You're obviously unfamiliar with his body of work.
Let's see if we can get back on topic. So at the USL Pro level, the vast majority of revenue comes from 3 areas; tickets, sponsorship and camps. But most of the clubs really don't have the staffs to do the first two effectively. I wonder if there is an expectation on how many tickets a good ticket rep should be able to sell?
A good ticket rep can do a lot of things, but there needs to be a market for the team. With they way the Blues are right now, there might be a chance they won't be back for 2013, and that will really hurt the new team in Phoenix.
Like anything else, there's a revenue expectation, not necessarily a number of tickets.
And, yes, those are certainly three main areas. But it's hard to get the second one without the first one, and the camp market is pretty saturated - lots of people do soccer camps. It's not easy to start camps and get market share, even if you're a pro team.
My belief is that if you can successfully do "group sales" of soccer tickets working for a USL Pro team, you can sell anything. Most of the teams have so little buzz in the community that it makes group sales extremely difficult.
USL Pro teams hurt themselves in a couple of ways:
1) Some don't even have a ticketing department, and nearly all teams don't have a big enough ticketing department
2) The ones who do have people selling tickets have hired whomever they could find for cheap, then invested nothing in to training or developing these people.
3) The teams ownership honestly believes the general public wants their tickets. They genuinely don't understand that most people don't care about their team. At all.
4) Some teams do not work year round selling. They think sales work needs to begin X number of weeks before the season starts, and end when the season ends.
5) Because of the above factors, there is too much turnover (both because people are let go or they quit) that hurts a team's ability to gain any kind of momentum.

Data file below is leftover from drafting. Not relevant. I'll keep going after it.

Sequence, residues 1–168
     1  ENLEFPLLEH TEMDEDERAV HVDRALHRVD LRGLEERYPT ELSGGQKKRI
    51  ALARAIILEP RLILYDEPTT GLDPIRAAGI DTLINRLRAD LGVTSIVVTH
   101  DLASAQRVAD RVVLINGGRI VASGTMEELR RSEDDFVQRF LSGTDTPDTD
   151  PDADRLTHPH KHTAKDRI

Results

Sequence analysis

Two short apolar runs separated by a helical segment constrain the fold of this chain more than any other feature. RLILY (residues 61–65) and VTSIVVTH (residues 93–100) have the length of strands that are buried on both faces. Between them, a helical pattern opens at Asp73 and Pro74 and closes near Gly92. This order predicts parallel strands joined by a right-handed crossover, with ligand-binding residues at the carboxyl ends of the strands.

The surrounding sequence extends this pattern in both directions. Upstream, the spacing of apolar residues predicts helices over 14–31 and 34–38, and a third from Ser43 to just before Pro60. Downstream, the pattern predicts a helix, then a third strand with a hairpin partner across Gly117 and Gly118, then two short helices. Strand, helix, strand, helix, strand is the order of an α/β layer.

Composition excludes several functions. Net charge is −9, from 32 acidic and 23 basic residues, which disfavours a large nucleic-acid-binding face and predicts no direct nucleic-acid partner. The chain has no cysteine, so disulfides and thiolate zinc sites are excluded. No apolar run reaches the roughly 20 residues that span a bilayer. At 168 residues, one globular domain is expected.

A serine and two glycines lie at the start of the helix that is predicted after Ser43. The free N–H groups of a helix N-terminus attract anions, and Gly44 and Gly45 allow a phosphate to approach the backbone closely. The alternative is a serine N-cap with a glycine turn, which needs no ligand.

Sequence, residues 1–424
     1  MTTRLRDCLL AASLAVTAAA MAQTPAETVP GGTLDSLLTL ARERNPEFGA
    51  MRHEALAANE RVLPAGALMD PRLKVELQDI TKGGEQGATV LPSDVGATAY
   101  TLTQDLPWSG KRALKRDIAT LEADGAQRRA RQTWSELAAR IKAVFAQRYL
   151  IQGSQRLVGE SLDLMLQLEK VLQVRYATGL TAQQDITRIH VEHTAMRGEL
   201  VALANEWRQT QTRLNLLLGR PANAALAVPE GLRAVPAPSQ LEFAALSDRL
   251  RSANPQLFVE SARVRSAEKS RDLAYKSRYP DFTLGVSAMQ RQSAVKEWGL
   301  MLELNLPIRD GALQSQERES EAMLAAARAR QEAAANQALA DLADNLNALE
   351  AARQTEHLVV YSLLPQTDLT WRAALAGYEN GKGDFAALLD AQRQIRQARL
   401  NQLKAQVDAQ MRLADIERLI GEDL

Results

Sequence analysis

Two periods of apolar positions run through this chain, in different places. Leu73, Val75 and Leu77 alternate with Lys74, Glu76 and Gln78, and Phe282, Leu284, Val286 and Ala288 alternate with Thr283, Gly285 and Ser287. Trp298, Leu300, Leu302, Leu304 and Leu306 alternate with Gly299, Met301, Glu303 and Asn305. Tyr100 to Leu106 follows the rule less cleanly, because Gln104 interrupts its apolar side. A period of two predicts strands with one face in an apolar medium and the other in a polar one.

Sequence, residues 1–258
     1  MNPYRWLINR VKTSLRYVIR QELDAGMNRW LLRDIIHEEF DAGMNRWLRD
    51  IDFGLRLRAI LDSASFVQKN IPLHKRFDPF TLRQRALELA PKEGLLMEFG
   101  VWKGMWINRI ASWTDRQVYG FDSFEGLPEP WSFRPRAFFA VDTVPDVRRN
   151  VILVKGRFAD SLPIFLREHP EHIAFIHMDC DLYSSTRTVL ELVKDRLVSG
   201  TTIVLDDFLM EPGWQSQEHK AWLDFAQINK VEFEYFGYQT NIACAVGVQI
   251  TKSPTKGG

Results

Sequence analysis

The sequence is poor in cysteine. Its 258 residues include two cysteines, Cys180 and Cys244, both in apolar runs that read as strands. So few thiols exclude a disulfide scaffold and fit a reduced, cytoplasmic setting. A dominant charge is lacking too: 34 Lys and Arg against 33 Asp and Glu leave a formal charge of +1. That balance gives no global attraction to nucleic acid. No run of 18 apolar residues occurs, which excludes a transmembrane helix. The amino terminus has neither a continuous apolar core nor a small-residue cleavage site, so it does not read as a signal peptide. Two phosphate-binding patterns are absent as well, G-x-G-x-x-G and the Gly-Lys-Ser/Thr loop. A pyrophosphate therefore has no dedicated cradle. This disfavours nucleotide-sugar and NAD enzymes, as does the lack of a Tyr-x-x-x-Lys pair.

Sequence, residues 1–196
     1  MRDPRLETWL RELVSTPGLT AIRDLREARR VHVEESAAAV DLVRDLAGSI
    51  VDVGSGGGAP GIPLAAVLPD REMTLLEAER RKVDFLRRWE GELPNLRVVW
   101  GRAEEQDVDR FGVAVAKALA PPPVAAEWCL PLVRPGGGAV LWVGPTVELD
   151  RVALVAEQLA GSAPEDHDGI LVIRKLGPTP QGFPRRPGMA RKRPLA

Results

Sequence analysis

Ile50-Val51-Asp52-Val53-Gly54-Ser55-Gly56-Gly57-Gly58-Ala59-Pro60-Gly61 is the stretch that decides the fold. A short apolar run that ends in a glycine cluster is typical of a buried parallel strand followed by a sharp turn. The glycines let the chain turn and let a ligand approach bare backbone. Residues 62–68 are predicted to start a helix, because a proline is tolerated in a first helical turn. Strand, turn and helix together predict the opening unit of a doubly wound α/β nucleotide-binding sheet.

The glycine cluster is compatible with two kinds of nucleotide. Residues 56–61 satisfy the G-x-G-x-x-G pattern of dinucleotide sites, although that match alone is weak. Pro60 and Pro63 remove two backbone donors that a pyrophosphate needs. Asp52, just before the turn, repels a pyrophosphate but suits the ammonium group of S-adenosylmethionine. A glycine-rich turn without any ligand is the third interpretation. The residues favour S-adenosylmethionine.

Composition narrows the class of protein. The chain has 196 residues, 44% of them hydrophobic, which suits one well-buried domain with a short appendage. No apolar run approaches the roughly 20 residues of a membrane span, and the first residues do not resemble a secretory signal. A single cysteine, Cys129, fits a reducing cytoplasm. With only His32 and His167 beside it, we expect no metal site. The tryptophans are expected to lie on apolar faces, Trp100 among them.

6) Ticket reps only ever call people to sell them stuff.. it goes back to #2.. there's more to sales than commissions and quotas..
The Force is strong with this one.
(Groups can be done at the DIII level, but, yeah, it's not easy. You hit the usual, starting with soccer groups, church groups. any group of people that have numbers and might be cajoled into a night out. But it's really hard with soccer, and harder with DIII soccer.)
Well the teams don't help themselves either.. marketing and sports marketing are very different..
Church groups? Make one of your home games "Faith and Family Night", with a number of different pre-game and in-game elements that would appeal to churches, and go hard selling all the churches on that night.
Find a child in the community who has medical issues that could use a boost in morale, and whose family could use a healthy donation and have one of your home games be "Pack The House For Nick Smith Night".. (making it about one specific child rather than a charitable cause generally does better for whatever reason)
I could go on and on but the point I'm making is that the team needs to structure its offerings in such a way that it helps out their ticketing department.. and few do that well enough..